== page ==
Could a voter coalition of renters swing the midterms?

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Congressional midterm elections are just a little over a week away, and their outcomes will significantly impact the ability of the Trump administration to implement its agenda in the years to come. Results will depend heavily on voter turnout among various segments of the U.S. population, and while renters are not conventionally thought of as a distinct voting coalition, they comprise 30 percent of the eligible voting population and face a distinct set of economic challenges.

In an new report, Apartment List analyzed the voting preferences of renters and found that a voting coalition of renters could have a profound impact on national politics.

Key findings from the report include:

  • Renter voices are underrepresented in American politics. In the 2016 elections, 67 percent of eligible homeowners voted, compared to just 49 percent of eligible renters.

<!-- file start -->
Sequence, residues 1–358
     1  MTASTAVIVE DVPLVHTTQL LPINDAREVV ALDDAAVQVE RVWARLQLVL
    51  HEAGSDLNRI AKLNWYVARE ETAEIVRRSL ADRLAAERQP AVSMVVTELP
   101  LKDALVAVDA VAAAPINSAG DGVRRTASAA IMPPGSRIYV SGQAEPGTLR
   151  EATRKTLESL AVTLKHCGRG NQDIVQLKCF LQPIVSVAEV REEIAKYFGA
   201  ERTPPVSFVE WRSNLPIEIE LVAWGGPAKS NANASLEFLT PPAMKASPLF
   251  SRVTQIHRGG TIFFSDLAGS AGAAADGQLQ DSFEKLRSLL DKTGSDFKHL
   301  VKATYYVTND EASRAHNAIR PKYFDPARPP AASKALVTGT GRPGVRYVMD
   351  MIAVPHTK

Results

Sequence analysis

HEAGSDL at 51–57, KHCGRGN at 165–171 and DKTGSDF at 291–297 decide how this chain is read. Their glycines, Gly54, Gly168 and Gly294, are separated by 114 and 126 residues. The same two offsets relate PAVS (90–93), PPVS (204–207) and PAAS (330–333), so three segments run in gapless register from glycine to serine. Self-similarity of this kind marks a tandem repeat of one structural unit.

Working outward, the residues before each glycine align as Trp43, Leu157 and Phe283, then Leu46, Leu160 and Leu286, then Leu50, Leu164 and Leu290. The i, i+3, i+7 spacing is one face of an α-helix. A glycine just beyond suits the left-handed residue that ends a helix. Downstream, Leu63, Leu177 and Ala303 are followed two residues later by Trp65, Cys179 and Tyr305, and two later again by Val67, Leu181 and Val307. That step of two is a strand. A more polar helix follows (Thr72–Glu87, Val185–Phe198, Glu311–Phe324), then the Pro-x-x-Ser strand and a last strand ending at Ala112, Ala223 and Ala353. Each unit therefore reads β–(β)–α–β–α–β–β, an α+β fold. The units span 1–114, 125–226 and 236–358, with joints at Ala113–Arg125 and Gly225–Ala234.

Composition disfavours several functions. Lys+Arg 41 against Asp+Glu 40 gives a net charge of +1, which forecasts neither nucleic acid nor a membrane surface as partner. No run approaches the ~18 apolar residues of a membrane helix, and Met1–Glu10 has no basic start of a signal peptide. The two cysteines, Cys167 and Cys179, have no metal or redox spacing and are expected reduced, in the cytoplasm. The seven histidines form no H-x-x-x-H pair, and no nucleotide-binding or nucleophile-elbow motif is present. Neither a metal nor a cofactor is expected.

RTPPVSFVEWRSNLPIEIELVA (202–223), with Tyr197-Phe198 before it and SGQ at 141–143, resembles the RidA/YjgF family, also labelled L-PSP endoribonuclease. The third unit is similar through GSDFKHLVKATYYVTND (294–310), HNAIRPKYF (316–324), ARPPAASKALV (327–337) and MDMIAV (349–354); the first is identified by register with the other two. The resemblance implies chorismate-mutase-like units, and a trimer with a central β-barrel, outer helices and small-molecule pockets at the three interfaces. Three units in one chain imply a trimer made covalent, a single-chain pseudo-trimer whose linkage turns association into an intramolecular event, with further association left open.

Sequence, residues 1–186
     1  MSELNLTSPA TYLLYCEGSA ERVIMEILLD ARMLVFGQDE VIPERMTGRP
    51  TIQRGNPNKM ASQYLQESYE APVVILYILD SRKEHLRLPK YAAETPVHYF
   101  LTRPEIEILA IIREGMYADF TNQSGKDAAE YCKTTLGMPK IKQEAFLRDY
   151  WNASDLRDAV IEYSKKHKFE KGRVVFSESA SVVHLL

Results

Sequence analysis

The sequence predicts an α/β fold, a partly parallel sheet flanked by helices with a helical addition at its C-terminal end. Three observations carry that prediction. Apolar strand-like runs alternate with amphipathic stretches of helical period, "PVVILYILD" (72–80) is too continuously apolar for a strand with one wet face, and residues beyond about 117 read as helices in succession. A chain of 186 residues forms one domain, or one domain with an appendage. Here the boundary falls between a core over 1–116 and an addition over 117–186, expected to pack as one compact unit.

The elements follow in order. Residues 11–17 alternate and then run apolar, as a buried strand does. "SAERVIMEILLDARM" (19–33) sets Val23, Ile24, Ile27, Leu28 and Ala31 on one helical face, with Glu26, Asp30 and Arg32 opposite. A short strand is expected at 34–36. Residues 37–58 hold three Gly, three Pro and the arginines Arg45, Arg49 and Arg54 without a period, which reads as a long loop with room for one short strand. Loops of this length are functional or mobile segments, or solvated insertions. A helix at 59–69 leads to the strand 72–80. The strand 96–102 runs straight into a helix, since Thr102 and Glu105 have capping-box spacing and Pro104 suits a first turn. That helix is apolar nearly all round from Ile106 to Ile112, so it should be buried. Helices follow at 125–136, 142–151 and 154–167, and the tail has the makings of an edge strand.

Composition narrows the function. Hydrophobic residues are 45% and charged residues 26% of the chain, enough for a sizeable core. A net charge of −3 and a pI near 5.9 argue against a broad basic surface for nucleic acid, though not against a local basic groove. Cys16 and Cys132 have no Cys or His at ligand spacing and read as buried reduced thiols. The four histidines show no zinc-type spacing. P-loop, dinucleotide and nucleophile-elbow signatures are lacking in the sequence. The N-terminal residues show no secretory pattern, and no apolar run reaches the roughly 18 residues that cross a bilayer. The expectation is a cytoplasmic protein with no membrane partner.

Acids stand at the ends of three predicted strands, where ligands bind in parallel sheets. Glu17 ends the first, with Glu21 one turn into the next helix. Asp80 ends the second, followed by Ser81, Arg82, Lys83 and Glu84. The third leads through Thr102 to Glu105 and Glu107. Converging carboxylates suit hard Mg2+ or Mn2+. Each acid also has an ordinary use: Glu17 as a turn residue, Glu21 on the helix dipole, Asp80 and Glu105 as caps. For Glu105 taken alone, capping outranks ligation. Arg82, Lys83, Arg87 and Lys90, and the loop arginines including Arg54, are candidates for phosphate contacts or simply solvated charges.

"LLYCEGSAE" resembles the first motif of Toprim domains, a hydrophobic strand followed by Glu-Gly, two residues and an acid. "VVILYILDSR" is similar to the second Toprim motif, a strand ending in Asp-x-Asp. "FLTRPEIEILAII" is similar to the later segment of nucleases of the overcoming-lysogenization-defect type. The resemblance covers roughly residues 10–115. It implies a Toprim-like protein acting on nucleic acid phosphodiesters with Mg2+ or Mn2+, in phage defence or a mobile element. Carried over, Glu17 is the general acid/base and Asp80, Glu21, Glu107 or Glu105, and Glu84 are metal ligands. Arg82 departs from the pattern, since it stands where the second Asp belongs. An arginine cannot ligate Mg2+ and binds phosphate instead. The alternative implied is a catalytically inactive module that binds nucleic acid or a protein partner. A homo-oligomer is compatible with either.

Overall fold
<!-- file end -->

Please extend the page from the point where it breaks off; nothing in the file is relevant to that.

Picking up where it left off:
• Renters are significantly more likely to lean left, and we estimate that if renter voter turnout had matched homeowner voter turnout in 2016, Hilary Clinton would have won four key swing states — FL, MI, PA, and WI — leading to an electoral college victory of 307-231.
  • Renters represent a unique cross-section of the American population — the net worth of the median renter is just $5,200, compared to $231,400 for the median homeowner, and the minority share of renters is twice that of homeowners. A coalition of renters could swing elections for politicians offering a vision of inclusive economic hope for the millions of diverse renters struggling in today’s economy.

The full report can currently be viewed here.